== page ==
GLOBAL MARKETS-Wall St sinks on Portugal woes; U.S. debt, yen gain

Reuters - UK Focus

* U.S. stocks shrug off bullish jobless data

* Shares (Frankfurt: DI6.F - news) of top-listed Portuguese bank BES fall 15 pct

* Treasuries gain on fear bidding

* Yen at 5-month peak vs euro (Adds New York stocks sell-off, other market moves; changesdateline; previous LONDON)

By Michael Connor

NEW YORK, July 10 (Reuters) - U.S. stocks fell on Thursday,joining a European sell-off driven by troubles at Portugal'sbiggest listed bank, while prices of U.S. government debt roseand the Japanese yen climbed to a five-month high against theeuro.

Wall Street seemed to ignore government jobless claims datathat suggested the U.S. labor market was perking up.

Many U.S. stock market participants have called for apullback, with the S&P 500 yet to see a daily decline of 1percent or more since April 10. The Standard & Poor's 500 Index was down 9.64 points, or 0.49 percent, at 1,963.19.

The Dow Jones industrial average lost 90.24 points,or 0.53 percent, at 16,895.37. The Nasdaq Composite Index was down 27.60 points, or 0.62 percent, at 4,391.43.

Prices of U.S. Treasuries rose, taking benchmark yields to their lowest in five weeks as investors, eyeing Europe,scrambled for low-risk bonds.

Ten-year notes were off their highs but up 8/32in price to yield 2.5142 percent. Prices of 30-year bonds rose 20/32, yielding 3.343 percent.

Treasuries have rallied this week on a global drop in stockprices, weak economic data in Italy and elsewhere overseas, andintensified fighting between militants in Gaza and the Israelimilitary.

"There's a lot of reasons to find comfort in Treasuriesright now," said Mike Lorizio, head of Treasuries trading atJohn Hancock Asset Management in Boston.

The yen hit a five-month high against the euro and an almost two-month high against the dollar. The yen gained0.73 percent to 137.56 against the euro, the highestsince February 6, and was up 0.50 percent at 101.06 against thedollar, the highest since May 21.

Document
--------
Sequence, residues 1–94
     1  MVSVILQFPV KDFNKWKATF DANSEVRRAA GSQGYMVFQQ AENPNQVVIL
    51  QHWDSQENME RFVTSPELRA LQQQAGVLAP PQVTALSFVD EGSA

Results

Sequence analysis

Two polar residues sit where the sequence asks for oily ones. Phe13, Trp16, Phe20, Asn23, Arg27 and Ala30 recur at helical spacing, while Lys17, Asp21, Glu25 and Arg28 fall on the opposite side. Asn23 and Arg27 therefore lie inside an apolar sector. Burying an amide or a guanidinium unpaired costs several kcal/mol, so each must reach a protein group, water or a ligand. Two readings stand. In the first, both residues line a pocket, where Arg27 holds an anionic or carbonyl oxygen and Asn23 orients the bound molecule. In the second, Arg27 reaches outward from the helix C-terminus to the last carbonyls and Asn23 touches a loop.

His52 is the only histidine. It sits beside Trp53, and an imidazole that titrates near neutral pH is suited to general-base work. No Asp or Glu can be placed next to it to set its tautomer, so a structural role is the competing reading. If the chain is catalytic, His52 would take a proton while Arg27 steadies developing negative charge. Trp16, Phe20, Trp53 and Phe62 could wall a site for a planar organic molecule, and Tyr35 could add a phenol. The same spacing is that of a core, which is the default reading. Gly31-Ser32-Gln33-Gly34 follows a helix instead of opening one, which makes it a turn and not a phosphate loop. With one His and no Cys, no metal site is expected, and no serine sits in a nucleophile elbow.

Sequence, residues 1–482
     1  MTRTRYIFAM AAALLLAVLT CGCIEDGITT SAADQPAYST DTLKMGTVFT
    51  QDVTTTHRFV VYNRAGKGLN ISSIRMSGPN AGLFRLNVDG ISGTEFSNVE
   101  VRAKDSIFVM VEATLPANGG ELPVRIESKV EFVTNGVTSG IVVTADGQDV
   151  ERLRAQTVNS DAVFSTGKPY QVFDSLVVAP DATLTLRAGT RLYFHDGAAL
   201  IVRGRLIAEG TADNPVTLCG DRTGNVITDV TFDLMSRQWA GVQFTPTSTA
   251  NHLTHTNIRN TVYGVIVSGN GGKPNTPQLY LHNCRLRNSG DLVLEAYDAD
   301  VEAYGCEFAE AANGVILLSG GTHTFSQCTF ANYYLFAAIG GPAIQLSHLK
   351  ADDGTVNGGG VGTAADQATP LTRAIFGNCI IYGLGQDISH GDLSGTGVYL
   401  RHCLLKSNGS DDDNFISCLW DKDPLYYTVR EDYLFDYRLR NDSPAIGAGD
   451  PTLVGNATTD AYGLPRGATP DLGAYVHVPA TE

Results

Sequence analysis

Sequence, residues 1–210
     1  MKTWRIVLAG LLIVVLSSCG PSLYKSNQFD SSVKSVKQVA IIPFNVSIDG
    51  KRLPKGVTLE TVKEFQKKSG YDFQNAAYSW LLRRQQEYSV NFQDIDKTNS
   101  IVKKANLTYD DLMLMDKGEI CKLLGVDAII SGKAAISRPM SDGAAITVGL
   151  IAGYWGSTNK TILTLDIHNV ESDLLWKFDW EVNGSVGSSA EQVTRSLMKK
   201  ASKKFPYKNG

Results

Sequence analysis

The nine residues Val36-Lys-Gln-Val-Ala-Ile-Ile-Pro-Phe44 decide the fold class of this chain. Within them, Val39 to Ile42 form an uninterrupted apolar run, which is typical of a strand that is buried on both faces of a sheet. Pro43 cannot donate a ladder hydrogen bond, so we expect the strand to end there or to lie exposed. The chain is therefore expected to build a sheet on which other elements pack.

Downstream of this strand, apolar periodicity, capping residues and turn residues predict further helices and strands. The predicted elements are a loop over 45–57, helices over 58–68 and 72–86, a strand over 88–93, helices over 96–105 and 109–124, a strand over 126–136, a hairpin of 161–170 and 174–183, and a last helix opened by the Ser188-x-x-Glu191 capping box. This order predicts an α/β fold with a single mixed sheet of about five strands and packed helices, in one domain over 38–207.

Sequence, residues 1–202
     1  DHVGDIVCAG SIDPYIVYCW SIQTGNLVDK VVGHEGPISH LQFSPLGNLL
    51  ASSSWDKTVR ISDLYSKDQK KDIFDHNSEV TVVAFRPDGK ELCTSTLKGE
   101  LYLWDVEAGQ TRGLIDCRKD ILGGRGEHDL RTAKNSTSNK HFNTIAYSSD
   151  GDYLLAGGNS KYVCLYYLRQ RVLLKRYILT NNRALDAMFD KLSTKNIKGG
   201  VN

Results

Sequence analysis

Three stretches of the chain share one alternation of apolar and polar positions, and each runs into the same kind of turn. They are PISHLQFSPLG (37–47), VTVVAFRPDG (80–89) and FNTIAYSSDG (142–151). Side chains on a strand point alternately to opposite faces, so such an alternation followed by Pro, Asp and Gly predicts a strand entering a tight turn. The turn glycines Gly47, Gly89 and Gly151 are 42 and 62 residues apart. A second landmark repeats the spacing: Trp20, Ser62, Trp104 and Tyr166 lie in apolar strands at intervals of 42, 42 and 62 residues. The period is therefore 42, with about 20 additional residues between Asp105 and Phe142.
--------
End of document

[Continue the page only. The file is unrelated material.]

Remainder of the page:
"We're seeing some problems coming out of Europe," saidSireen Harajli, a foreign exchange strategist at MizuhoCorporate Bank in New York. "Markets are selling euros andbuying safe havens like the Japanese yen."

Before the Wall Street open, the plunge in Portugal's BESdrowned out any support from Wednesday's Federal Reserveminutes. The minutes were seen as showing the U.S. central bankno closer to an outright rise in interest rates.

Stock markets in Germany and France fellaround 1.5 percent while Norway's market, hurt by poor resultsat its biggest commercial lender, was down 2 percent. An indexof European shares lost 0.78 percent, while a measureof world markets lost 0.55 percent.

Yields on bonds issued by the southern European governmentsat the heart of four years of turmoil for the euro zone roseacross the board. Greece managed to place just half of a planned3 billion euro bond placement.

Shares in Portugal's Banco Espirito Santo plunged more than15 percent.

"It is not ideal timing given all the concerns the markethas on Portugal," said Michael Michaelides, a rates analyst atRBS (LSE: RBS.L - news) in London.

Oil prices were lower for a ninth session, withBrent nearing $108 a barrel in the commodity's longest losingstreak in four years and U.S. light crude off 0.18percent at $102.11. Prices were pressured by weak U.S. gasolinedemand and the prospect of rising supply from Libya. (Reporting by Michael Connor; Editing by Dan Grebler)

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